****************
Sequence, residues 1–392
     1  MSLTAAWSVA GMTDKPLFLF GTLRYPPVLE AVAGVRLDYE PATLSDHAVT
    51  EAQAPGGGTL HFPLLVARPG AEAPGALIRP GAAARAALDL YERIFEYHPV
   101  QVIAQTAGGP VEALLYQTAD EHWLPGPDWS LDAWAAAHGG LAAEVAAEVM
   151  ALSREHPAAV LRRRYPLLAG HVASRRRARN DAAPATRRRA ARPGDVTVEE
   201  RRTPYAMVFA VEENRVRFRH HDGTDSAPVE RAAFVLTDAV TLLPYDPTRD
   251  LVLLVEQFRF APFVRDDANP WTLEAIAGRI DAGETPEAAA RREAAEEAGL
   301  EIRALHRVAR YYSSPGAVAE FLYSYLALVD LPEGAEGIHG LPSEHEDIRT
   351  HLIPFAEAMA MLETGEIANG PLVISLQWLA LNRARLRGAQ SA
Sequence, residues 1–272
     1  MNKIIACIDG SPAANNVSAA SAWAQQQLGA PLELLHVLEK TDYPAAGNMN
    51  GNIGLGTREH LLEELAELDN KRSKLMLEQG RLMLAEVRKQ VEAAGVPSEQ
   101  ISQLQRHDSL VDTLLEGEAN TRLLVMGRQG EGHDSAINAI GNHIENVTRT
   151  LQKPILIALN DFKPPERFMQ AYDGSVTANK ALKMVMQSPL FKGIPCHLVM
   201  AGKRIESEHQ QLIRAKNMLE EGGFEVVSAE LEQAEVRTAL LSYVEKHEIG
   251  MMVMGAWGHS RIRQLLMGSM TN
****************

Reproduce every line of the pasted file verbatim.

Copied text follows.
Sequence, residues 1–392
     1  MSLTAAWSVA GMTDKPLFLF GTLRYPPVLE AVAGVRLDYE PATLSDHAVT
    51  EAQAPGGGTL HFPLLVARPG AEAPGALIRP GAAARAALDL YERIFEYHPV
   101  QVIAQTAGGP VEALLYQTAD EHWLPGPDWS LDAWAAAHGG LAAEVAAEVM
   151  ALSREHPAAV LRRRYPLLAG HVASRRRARN DAAPATRRRA ARPGDVTVEE
   201  RRTPYAMVFA VEENRVRFRH HDGTDSAPVE RAAFVLTDAV TLLPYDPTRD
   251  LVLLVEQFRF APFVRDDANP WTLEAIAGRI DAGETPEAAA RREAAEEAGL
   301  EIRALHRVAR YYSSPGAVAE FLYSYLALVD LPEGAEGIHG LPSEHEDIRT
   351  HLIPFAEAMA MLETGEIANG PLVISLQWLA LNRARLRGAQ SA
Sequence, residues 1–272
     1  MNKIIACIDG SPAANNVSAA SAWAQQQLGA PLELLHVLEK TDYPAAGNMN
    51  GNIGLGTREH LLEELAELDN KRSKLMLEQG RLMLAEVRKQ VEAAGVPSEQ
   101  ISQLQRHDSL VDTLLEGEAN TRLLVMGRQG EGHDSAINAI GNHIENVTRT
   151  LQKPILIALN DFKPPERFMQ AYDGSVTANK ALKMVMQSPL FKGIPCHLVM
   201  AGKRIESEHQ QLIRAKNMLE EGGFEVVSAE LEQAEVRTAL LSYVEKHEIG
   251  MMVMGAWGHS RIRQLLMGSM TN